It would be naive to suggest that the Russian government is not concerned at all about reports by foreign human-rights groups and journalists on the war in Chechnya. Of course it is. That explains why it ruthlessly prevents foreign journalists and members of human-rights groups from visiting the country. Those who succeed in making their way in are taken hostage by Russian military personnel who claim that the ‘Chechen terrorists’ are responsible for their disappearance, only to release them later for a hefty ransom. Almost 60 foreigners have been kidnapped since the mid-1990s, and ransoms vary from $30,000 to $300,000. This has had the effect of dissuading human-rights groups and non-governmental organisations from sending representatives into Chechnya. The Russian government takes selected reporters on conducted tours, and they do not meet Chechen fighters.
But the system is not as watertight as it sounds, thanks to the greed of Russian officers. Foreign journalists, for instance, who want to meet and interview Chechen fighters can do so by bribing Russian officers, the current price being $1,000. Apparently no Russian officer is above accepting such a bribe. Even members of the SFB, the successor to the KGB, are not immune to temptation. Such is the Russians’ greed that even the Chechen fighters buy most of their weapons from them. This may also explain in part why they are able to move easily throughout Chechen towns, including Johar-Gala. The main explanation for their mobility is, of course, that most of the population support the struggle for independence.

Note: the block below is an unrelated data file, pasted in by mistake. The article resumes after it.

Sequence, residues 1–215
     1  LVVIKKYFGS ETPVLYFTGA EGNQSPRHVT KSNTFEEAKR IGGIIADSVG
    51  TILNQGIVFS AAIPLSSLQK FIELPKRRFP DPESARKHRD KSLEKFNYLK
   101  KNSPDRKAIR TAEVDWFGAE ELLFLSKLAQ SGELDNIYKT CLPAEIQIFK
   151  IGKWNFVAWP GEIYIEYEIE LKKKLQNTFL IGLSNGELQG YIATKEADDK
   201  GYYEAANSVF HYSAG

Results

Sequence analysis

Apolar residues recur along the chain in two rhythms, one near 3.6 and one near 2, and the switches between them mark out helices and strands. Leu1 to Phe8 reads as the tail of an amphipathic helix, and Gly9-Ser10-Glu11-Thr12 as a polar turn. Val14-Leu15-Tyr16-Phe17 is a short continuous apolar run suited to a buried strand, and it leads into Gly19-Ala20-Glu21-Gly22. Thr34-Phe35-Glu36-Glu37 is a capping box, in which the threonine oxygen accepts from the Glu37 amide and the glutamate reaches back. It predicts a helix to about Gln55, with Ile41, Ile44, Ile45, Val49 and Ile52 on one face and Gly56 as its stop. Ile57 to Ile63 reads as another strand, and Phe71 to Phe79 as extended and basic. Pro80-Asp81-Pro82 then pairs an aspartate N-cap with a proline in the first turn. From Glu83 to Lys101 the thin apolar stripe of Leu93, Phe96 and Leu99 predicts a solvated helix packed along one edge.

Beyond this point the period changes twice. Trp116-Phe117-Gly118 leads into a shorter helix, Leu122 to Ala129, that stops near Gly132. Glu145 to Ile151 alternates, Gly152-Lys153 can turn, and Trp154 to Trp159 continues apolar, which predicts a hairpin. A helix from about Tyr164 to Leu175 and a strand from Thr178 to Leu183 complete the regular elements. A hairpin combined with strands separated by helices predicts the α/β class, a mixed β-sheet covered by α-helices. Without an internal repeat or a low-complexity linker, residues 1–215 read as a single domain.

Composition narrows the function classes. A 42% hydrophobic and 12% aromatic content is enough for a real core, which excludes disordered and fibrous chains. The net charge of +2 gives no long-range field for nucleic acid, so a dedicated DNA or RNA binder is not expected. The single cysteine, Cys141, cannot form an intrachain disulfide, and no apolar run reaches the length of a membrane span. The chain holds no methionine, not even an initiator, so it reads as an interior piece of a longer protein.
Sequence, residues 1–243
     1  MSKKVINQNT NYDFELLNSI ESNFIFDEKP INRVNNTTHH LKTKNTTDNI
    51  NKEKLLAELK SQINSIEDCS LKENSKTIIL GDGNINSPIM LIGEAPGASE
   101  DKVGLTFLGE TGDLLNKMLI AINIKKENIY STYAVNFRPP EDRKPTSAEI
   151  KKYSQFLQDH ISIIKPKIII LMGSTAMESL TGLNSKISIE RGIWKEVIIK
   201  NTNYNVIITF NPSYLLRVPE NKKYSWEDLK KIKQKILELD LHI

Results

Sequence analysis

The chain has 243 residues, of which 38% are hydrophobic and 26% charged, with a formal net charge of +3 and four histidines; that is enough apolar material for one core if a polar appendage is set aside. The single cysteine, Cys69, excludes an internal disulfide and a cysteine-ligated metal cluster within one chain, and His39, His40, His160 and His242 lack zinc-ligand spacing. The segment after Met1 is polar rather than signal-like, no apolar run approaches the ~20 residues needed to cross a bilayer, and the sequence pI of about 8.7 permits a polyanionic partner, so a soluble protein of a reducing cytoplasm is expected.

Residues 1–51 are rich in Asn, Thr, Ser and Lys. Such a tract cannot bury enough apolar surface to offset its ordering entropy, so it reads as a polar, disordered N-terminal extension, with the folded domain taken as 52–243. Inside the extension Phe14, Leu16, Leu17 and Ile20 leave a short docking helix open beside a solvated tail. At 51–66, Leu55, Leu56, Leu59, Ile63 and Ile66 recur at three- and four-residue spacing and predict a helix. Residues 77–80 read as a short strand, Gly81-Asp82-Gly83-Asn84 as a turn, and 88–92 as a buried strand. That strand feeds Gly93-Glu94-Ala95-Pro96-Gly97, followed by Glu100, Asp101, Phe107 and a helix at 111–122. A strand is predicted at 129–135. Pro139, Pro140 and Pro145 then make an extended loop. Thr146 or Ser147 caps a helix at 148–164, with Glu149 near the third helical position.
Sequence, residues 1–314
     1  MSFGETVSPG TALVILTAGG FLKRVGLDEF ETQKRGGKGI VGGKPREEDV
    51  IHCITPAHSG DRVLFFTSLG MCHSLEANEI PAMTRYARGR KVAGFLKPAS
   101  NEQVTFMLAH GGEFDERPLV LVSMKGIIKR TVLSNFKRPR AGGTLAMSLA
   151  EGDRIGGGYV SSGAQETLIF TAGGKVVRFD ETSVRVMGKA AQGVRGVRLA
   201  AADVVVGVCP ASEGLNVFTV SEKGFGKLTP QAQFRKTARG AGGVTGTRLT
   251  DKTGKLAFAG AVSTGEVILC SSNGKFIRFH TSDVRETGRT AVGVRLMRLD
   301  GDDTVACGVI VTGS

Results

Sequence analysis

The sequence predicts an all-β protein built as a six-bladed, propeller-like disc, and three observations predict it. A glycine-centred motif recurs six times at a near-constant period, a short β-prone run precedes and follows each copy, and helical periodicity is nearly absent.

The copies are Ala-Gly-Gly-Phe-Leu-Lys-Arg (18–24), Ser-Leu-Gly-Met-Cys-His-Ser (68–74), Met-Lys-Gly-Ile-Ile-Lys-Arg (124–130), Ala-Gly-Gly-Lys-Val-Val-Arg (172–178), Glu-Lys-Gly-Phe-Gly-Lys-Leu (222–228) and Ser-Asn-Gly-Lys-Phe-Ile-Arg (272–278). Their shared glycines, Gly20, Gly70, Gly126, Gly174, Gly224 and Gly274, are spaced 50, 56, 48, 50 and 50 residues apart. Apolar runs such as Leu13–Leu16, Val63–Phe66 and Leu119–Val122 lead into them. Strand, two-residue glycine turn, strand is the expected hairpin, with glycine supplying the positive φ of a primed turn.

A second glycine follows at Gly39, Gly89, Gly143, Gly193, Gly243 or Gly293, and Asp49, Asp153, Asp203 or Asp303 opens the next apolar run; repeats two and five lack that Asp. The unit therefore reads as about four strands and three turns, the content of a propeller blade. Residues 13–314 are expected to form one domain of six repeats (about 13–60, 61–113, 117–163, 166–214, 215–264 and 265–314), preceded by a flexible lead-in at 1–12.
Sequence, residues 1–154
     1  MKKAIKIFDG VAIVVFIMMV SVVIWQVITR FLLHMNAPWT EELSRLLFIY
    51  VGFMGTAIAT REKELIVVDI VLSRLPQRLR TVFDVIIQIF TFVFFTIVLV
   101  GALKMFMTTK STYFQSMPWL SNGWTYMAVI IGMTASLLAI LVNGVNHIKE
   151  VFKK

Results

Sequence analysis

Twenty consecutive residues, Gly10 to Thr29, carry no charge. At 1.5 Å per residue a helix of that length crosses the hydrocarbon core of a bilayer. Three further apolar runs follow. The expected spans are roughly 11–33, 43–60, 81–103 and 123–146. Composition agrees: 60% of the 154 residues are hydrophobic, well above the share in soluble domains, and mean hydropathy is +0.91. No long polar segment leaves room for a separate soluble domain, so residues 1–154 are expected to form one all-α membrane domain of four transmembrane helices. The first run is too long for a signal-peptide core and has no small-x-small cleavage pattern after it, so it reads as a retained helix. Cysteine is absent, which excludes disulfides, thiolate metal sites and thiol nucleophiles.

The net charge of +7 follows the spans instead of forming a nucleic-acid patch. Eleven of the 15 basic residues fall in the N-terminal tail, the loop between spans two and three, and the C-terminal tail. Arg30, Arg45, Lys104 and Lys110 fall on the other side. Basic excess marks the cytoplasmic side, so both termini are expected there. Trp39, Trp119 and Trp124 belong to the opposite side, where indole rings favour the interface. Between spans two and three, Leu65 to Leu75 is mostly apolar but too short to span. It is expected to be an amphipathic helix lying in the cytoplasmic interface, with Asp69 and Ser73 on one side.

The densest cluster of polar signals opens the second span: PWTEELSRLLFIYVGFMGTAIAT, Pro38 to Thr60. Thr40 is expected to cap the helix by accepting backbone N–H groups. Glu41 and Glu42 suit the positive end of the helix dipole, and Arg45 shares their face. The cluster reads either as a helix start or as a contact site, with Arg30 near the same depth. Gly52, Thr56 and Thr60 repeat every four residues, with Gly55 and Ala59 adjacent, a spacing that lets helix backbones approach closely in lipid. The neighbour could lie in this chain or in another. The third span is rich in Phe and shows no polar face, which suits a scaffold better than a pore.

The principal reason that Moscow can live with hostile reports on Chechnya by foreign human-rights groups and journalists, but not with frank coverage by Russian groups and media, is easy to see. Moscow knows that Western and Muslim governments will continue to do business with it despite the atrocities, while the Russian people (who supported the second Chechen war when Putin unleashed it in October 1999) will take greater notice of local reports on the fighting than of foreign coverage. As continued support in Russia for the war depends on the popular belief that an early victory for the Russian army in Chechnya (without the loss of too many Russian lives) is possible, any coverage that suggests otherwise is unwelcome in the Kremlin.
In fact, recent reports suggest that the war is far from over, despite the destruction of almost the entire country, and the death or displacement of hundreds of thousands of people. Moscow also privately admits that it cannot win the war, and that all it can hope for is to contain the Chechen fighters. Moreover, lobby groups in Moscow, such as the Russian Committee of Soldiers’ Mothers, have begun to contradict the government’s figures for Russian soldiers killed in action. For instance, the government says that only 2,700 Russian soldiers have died since the beginning of the second Chechen war, while the committee insists that the true figure is 6,500. Indeed, the only explanation for the undiminished attacks on the Chechen people detailed in recent reports is the desperation and frustration of the Russian army in Chechnya that they cannot defeat the much smaller and more lightly-armed Chechens.
Few people in the world have shown such courage and stamina as the Chechens’. How long must they continue to be punished for their determination to fight for their rights, even in the face of the shameful silence of most Muslim governments?